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Wow. You come away from this book feeling like you actually understand what would posses the Japanese to launch into a war they knew that they would lose if it went on very long and why they fought so hard right to the end. If all history books were this good why would you ever read fiction?
27 of 28 people found this review helpful
I'm a military history buff with a focus on Vietnam and World War II, so when I finished Nagasaki: Life After Nuclear War, I was horrified, conflicted, and drawn back to revisit books on Japan, the Pacific War, the major players of the Pacific theater. Naturally that led me back to The Rising Sun.
It's a work that's awesome in its scope, painstaking in military, political, even social detail. And as it went on, I became more and more, exasperated is a kind word for it.
It fully explains the Japanese rationale for entering the war, but after the good, there's the tragic. The endlessly tragic. There's the defeat after defeat, and that just made the Japanese entrench themselves more in their dogma and in their drive to take ten Americans for everyone one man sacrificed. Even after horrific and atrocious bombings of Japanese cities (which are a tad rationalized by the fact that Japanese industry wasn't centered around a military complex as in Germany but was instead centered in home-factories), even after the destruction and devastation of two, TWO! atomic bombs, what did they do? They had a failed coup to continue the war, they offered up Twenty Million Suicides to take out as many Americans on the way out as possible, and after surrender, they had the executions of many POWs.
It was so aggravating to re listen to, but if you're in the mood for a truly brilliantly researched work, dive right in. Just don't expect to come out smelling like a rose...
11 of 11 people found this review helpful
Slightly hard to follow the characters with a lot of similar but different names but I enjoyed catching a chunk of history I never studied . Well narrated book and a gripping story with more humanity than i had expected. After some time it moves from the character of the Japanese to be a catalogue of the various military engements and that was its only disappointment , I dint really get to know more about what was hapeining or being said by the average man in japan in this period . Not sure ill ever understand the Japanese culture for the glorification of death at the time and I hope the people of modern Japan don't understand it either . General Macarther doesn't come out to favourably either . Good book though and would recommend if you want a broad sweep of this period of Japanese military history
1 of 1 people found this review helpful
Where does The Rising Sun rank among all the audiobooks you’ve listened to so far?
As a historic piece of work it has plenty of detail. It opens up the political system that shows there was no democracy and the military were the real power and not the Emperor. It shows a different perspective than what we were led to believe.
What did you like best about this story?
The poor quality of leadership. It exposes the fundamental failures of the willingness to waste life for no gain other than that of saving face. The pre Pearl Harbour events especially that took place in the parliament were a real eye opener. It appears no one wanted war with the USA and the European powers but didn't know how to stop it happening.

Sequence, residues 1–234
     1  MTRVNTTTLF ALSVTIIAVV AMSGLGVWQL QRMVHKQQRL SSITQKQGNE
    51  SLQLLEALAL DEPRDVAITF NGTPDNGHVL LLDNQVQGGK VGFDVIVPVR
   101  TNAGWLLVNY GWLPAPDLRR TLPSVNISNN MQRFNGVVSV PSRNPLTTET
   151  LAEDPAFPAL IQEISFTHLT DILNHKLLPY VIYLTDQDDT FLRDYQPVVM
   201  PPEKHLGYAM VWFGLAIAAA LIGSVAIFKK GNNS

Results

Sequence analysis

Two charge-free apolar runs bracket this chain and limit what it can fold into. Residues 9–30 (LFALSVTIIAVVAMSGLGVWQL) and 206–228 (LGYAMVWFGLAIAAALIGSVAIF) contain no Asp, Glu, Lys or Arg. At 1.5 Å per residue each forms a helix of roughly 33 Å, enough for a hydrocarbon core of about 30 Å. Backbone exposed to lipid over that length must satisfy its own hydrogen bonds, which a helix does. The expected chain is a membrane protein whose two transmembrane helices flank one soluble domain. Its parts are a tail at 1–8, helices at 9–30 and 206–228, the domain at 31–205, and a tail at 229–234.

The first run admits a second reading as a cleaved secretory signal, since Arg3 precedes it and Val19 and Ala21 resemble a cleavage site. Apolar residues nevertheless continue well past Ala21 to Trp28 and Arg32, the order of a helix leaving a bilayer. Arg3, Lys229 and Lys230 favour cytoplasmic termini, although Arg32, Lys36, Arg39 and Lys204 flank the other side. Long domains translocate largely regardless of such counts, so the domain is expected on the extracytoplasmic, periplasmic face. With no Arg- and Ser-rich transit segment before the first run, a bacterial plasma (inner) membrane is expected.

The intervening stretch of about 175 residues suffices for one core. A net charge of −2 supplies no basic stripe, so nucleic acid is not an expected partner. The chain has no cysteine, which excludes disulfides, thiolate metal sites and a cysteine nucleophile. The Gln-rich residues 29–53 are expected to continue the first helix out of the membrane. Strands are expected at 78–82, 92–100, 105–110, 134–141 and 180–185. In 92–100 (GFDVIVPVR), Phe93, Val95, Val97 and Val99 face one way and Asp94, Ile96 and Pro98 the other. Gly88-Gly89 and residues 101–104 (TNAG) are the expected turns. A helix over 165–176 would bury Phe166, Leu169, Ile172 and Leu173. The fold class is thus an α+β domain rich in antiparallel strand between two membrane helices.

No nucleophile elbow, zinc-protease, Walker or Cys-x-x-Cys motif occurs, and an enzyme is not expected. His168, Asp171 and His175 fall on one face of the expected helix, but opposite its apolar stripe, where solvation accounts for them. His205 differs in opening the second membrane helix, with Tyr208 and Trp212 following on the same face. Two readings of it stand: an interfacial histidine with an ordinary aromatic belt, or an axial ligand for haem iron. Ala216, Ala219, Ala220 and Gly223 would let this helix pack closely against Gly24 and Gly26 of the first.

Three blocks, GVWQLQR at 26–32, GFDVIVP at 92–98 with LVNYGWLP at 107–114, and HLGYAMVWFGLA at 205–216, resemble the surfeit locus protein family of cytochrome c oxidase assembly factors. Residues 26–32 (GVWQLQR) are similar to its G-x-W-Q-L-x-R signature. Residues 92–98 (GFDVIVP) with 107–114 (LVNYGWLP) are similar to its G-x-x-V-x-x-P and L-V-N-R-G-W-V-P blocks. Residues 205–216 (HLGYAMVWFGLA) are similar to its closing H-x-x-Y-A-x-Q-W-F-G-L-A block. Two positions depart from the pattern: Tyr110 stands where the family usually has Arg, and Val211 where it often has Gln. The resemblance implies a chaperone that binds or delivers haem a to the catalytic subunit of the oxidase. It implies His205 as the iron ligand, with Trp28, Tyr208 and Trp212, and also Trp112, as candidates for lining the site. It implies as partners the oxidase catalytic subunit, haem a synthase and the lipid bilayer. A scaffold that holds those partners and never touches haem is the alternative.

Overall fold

Which character – as performed by Tom Weiner – was your favourite?
Admirable Yamamoto is an obvious choice as he was the man who took them to war but did warn that he could not give them victory - Tom put Yamamoto into the character of not just the tactician but also the political military man
If you made a film of this book, what would be the tag line be?
The Sun that rises, also sets
2 of 3 people found this review helpful
I have taken an interest in te Pacific War and have read a few scholarly tomes on the subject. I find most of them when it comes to the Japanese side of the war are still locked in the propaganda of the time and the Japanese are widely seen through a one dimensional stereotype of a "fanatic" and bushido is used way too often to explain their character . This work has changed all that as now for the first time I get a sense of hoe the Japanese viewed themselves, viewed the war, viewed the world. It treats the Japanese as humans while not being "revisionist" or apologetic history. Love this!
2 of 2 people found this review helpful
I would like to say how interesting & engaging I found this book . There were numerous anecdotes and details that brought the history alive . I particularly found the pre war political intrigues in Japan very informative . My main criticism would be the very brief almost off handed way that he dealt with the fighting in New Guinea . There are also some errors of fact .Tolland stated that Australian troops in New Guinea were under the command of US general Eichelberger , this is incorrect . Australian forces were always under Australian command & were the majority of troops who fought in New Guinea .The fighting on Guadalcanal is shown in great detail but the far deadlier fighting in New Guinea (were your chances of death in battle was far greater ) ,is skipped over or virtually ignored . Take for instance the treatment of the battle of Tenaru River . This is given in great detail , but the far greater battle of Isurava does not even get a mention .I feel that this is a very good book about the American war in the Pacific . It however continues the habit of side lining or ignoring the contribution of the Australian forces who are often referred to as “allies , or MacArthur’s” troops rather as AIF or Australian forces . All in all this is a good read but is weak on the land war for the first 6-8 months of 1942 .
6 of 8 people found this review helpful